Burma_Myanmar:Power Struggle KNU
The Karen National Union (KNU) finds itself once again at a crossroads in its 63-year resistance against the Burmese government. A major internal division over how to proceed in peace talks threatens to escalate. Some observers worry about plots and counter-plots within the Karen leadership, and that the power struggle will quickly lead to a split in the party.
The KNU this week dismissed its military chief, Gen Mutu Say Poe, and two other influential leaders, David Taw and Roger Khin, for violating the organization’s protocol.
Soon after the dismissal, the KNU appointed a new acting commander-in-chief, Brig-Gen Baw Kyaw Heh, the commander of Brigade 5 of the KNU’s military wing, the Karen National Liberation Army (KNLA).
Karen military sources have told The Irrawaddy they they expect the KNLA to splinter into two rival factions—with Mutu Say Poe leading Brigades 1, 3, 4, 6 and 7 while Baw Kyaw Heh maintains command over Brigades 2 and 5, which are loyal to the KNU central committee.
Of the KNLA’s total troop strength, estimated at 10,000 fighters, Mutu Say Poe’s faction would boast more troops then Baw Kyaw Heh’s two brigades. However, for the time being at least, no one is playing up the possibility of the two factions fighting against each other.
David Taw, widely seen as a pragmatic negotiator for the KNU, is suddenly being portrayed as impulsive in his pursuit of a peace deal. KNU General-Secretary Zipporah Sein, on the other hand, has been much more cautious, some would say “inflexible.”
Brig-Gen Saw Johnny, the commander of KNLA Brigade 7, has called for cool heads and dialogue, and said that “this is not the time to engage in bloodshed.” Regarding the peace talks with Naypyidaw, he said, “The battle must only go on at the table.”
History shows that the KNU is not immune to internal power struggles and a culture of plotting—the most significant incident in recent times being the assassination of then General-Secretary Mahn Shah, committed by two hit-men who were allegedly hired by Karen breakaway group, the Democratic Karen Buddhist Army (DKBA).
“I am worried that the KNU will resort to resolving this internal conflict the only way they know—using guns. If they could avoid using violence to resolve internal divisions, I think it will benefit the whole country,” said Aung Naing Oo, a Burmese analyst who is deputy director of the Vahu Development Institute, a Thailand-based think tank.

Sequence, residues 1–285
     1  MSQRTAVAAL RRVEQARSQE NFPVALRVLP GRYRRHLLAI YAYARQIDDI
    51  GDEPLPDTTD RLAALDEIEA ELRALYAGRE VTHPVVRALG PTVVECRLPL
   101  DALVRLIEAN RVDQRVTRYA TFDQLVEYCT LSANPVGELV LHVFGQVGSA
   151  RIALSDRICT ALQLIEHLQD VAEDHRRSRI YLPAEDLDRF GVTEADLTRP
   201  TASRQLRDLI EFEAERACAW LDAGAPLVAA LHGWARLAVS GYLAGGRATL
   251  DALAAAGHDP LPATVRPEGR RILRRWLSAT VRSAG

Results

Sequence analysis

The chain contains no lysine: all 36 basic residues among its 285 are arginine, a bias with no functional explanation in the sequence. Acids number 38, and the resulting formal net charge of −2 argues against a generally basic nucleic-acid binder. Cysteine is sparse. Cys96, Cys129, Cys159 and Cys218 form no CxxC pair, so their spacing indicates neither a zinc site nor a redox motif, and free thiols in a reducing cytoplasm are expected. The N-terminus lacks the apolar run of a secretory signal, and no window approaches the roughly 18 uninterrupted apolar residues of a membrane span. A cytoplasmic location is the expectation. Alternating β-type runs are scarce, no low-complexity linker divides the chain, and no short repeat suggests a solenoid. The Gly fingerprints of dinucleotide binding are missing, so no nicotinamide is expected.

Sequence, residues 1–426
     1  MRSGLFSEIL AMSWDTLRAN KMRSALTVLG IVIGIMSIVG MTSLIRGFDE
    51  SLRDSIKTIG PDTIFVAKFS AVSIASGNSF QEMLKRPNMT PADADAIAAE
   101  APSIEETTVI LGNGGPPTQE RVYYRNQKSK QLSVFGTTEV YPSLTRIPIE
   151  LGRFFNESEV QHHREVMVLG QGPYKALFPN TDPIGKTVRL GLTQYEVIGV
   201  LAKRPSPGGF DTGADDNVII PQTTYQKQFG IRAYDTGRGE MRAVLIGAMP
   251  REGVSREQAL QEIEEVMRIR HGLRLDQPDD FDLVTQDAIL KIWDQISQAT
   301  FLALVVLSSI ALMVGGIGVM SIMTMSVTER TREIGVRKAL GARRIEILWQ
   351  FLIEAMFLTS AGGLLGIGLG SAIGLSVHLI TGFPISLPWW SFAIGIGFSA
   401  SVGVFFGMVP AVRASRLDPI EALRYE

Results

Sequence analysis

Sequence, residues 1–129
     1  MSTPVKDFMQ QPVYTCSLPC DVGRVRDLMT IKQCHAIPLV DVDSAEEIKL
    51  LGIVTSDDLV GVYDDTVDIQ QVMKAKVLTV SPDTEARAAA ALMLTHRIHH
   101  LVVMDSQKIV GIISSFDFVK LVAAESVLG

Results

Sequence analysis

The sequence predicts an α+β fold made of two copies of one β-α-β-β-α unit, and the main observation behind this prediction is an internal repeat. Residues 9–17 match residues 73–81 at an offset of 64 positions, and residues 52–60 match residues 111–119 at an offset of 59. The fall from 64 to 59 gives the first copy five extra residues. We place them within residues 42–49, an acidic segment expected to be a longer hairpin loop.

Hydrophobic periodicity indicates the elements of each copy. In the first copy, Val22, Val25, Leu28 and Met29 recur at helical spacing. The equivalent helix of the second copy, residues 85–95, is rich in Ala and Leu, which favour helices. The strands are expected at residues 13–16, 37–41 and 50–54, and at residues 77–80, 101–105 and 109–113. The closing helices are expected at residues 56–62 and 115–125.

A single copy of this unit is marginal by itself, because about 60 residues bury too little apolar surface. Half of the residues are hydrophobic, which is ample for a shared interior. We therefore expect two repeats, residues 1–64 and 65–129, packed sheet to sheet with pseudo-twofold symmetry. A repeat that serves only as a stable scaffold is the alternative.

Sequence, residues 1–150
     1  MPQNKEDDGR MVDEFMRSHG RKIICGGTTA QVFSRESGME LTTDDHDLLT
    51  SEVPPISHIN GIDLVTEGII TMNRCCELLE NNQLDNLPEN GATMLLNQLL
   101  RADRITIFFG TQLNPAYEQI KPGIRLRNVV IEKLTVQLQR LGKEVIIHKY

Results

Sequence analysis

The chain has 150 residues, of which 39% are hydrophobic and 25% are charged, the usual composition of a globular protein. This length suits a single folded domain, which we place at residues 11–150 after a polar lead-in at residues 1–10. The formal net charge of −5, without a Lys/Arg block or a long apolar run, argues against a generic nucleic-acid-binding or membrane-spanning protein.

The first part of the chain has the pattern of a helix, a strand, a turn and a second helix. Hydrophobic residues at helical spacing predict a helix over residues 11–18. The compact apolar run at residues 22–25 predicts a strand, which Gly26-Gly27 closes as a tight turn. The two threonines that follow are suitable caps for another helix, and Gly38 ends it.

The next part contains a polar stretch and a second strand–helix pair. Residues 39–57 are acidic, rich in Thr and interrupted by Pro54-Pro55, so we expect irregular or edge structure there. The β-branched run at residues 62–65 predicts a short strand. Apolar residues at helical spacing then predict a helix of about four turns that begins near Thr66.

Other observers speculate that the Karen rebels may fracture into several small groups now that the country is in transition. The groups may form, some say, simply by way of ideological camps—the pragmatic camp, the conservative, the politically driven, the economic opportunists.
Most agree that the dismissal of the KNLA’s commander-in-chief raises the immediate specter of a north-south divide with Mutu Say Poe ruling the southern part of Karen State while those loyal to the central committee hold the north.
Frustratingly for those supporters of the KNU resistance, this is just another chapter in a history of splinter groups and wayward allegiances—the DKBA, the Karen Peace Force, the Karen Peace Council, and the Karen Border Guard Force. All are armed militias made up of ethnic Karen blood.
Some Burma watchers look “outside the box” and comment that the heated divisions in the Karen leadership could well be flamed by Naypyidaw, which they say will be using its influence to “divide and rule” the Karens—an old military junta strategy inherited from British colonial rulers—while offering financial and business incentives to Karen leaders.
The multi-million-dollar Dawei Deep Seaport project in Burma’s southern Tenasserim Division is partly controlled by KNLA Brigade 4 whose commanders, observers say, must be rubbing their hands in glee at the prospect of such rich dividends.
Many Karen civilians are urging their leaders to learn from the KNU’s past mistakes. They say that a division within the KNU not only weakens the Karen resistance, but strengthens the Burmese government’s hand.
One source close to government peace negotiator Aung Min, said that he [Aung Min] repeatedly advised the KNU not to be divided during peace negotiations, arguing that it would be difficult to move the peace process forward if various dissenting voices were aired.
Many ordinary Karens shake their heads in dismay. Several have told The Irrawaddy that they regard the KNU power struggle as sad—even shameful.
On Thursday, the Rangoon-based Kayin Peoples Party sent an open letter to the KNU, expressing concern over the internal rift, and urging the various characters to “work together in unity.”